Understanding Your Partner's Affair

Affairs can be devastating to any relationship. Deciding whether to stay or leave can seem like a confusing crap shoot. Should you get marriage counseling? Should your partner seek individual therapy? What caused the affair in the first place? Friends and family all have their opinions and advice to give. But before you decide whether to forgive or move on, it can helpful to determine what type of an affair actually occurred. You wouldn't make a decision about whether to amputate your foot without a proper diagnosis of the nature and prognosis of an illness, so neither should you decide whether to throw in the towel on a relationship without trying to understand the dynamics that resulted in the affair.

Not All Affairs Are Created Equal

While affairs can all produce common feelings of betrayal, pain, anger, disgust, and fear, these are the consequences of the affair and not causes. How upset a person becomes after being cheated on is not the primary determinant of how difficult the affair will be to correct. But, if we should avoid looking at just the emotional upset of the betrayed to gauge whether the situation is solvable, neither should we rely solely on the assurances of the betrayer that s/he will change. Rather, we should examine the type of affair that occurred and this can shed light on how extensive the problem is and what will be needed to correct it. Affairs are not cookie cutter events and each affair has a different cause, treatment, and prognosis.

The Wrong Place at the Wrong Time Affair

As difficult as it is to admit it, we are all human and subject to human frailties. We make mistakes; we hurt the ones we love. Painful to be sure, but this type of affair is perhaps the easiest affair to overcome. This affair occurs as a perfect storm of emotional susceptibility, opportunity, environment, and a momentary lapse of judgment and control. A person must first be susceptible. That means that they must either be in an emotionally vulnerable state, perhaps being separated from a loved one, or having recently experienced a loss or setback, or on the other end, be in a moment of rare success, achievement, or suddenly catapulted into a new personal arena. Vulnerability/rapid success is not enough to trigger a wrong place/wrong time affair, however. The person must also have several other factors in play at the same time. For an affair to ignite, a person who is in an emotionally susceptible state must also be in an environmental context in which the affair could readily take place. An essential attribute of this type of affair is that it is not planned out in advance and there is not a lot of arranging to be done. This type of affair is a sort of spontaneous combustion produced by a confluence of uncommon events. The context represents a sort of moment frozen in space and time, where previous roles, relationships and identities are blurred and not readily apparent.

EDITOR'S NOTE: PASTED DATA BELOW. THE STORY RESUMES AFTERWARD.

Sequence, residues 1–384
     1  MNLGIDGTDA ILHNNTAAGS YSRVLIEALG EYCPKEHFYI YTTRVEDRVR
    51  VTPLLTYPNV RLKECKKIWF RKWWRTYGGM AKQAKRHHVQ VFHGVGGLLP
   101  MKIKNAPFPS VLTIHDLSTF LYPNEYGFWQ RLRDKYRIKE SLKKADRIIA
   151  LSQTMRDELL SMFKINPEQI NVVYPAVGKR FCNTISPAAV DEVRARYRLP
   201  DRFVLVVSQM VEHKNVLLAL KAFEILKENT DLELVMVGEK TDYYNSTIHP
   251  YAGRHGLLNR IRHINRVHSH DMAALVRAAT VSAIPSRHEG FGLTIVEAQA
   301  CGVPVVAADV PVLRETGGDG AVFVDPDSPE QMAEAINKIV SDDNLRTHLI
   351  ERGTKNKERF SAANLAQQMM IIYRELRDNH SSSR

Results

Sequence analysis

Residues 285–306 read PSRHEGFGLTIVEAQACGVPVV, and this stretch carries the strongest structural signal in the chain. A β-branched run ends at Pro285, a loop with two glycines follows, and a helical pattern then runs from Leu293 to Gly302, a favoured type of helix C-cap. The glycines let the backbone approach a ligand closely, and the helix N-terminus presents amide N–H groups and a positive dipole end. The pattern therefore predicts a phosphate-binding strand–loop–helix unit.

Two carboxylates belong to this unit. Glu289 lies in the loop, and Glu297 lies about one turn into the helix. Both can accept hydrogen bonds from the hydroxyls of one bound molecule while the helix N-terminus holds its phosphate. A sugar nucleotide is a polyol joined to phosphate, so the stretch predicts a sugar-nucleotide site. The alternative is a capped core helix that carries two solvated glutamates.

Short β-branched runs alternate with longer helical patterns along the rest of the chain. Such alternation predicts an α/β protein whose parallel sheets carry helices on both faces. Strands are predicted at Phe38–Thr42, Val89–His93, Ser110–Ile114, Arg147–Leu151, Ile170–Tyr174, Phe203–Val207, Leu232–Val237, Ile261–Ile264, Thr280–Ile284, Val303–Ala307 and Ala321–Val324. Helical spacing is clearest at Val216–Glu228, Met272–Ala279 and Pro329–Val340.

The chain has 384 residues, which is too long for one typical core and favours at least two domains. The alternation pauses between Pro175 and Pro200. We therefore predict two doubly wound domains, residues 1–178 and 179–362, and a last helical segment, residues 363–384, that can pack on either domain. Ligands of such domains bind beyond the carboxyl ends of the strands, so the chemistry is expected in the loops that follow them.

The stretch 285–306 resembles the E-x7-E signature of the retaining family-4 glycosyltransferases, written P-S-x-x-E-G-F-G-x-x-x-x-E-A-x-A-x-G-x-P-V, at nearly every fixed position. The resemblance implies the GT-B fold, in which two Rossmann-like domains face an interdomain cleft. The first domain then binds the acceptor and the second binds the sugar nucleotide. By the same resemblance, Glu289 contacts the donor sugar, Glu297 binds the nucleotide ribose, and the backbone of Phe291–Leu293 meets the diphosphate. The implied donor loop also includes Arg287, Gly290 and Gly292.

Think of Leonardo diCaprio and Kate Winslet on the Titanic. In the regular world, the two would have scarcely spoken to each other, but in the unique and surreal environment of the ship, an affair was born. The context of the ship, separated in space and time from their normal environments combined with the immediacy of Kate Winslet's emotional turmoil and attempt to commit suicide by jumping off of the ship, produced a certain chain reaction of events that simply would have not occurred in a normal context. Winslet's affair with diCaprio had the final ingredient: an ardent admirer who pursued her. In this type of affair, the person is either pursued in the moment, or there is mutual attraction. It is rare for a person in this type to be the sole strong pursuer. The overriding theme is giving in to momentary weakness rather than conquest. These affairs are either one night stands, or brief affairs that end as soon as the context changes (the ship docks). These affairs are typified by later regret, guilt, not wanting to pursue after the context changes, and re-commitment to the original relationship. In these affairs, relapse is unlikely because the series of events leading up to them are unlikely and if even one factor is out of place, the chain reaction stops. If the cheater has a previous history of affairs, then this affair is not the likely culprit. In wrong place/wrong time affairs, both spouses are, in effect, the victims of circumstance.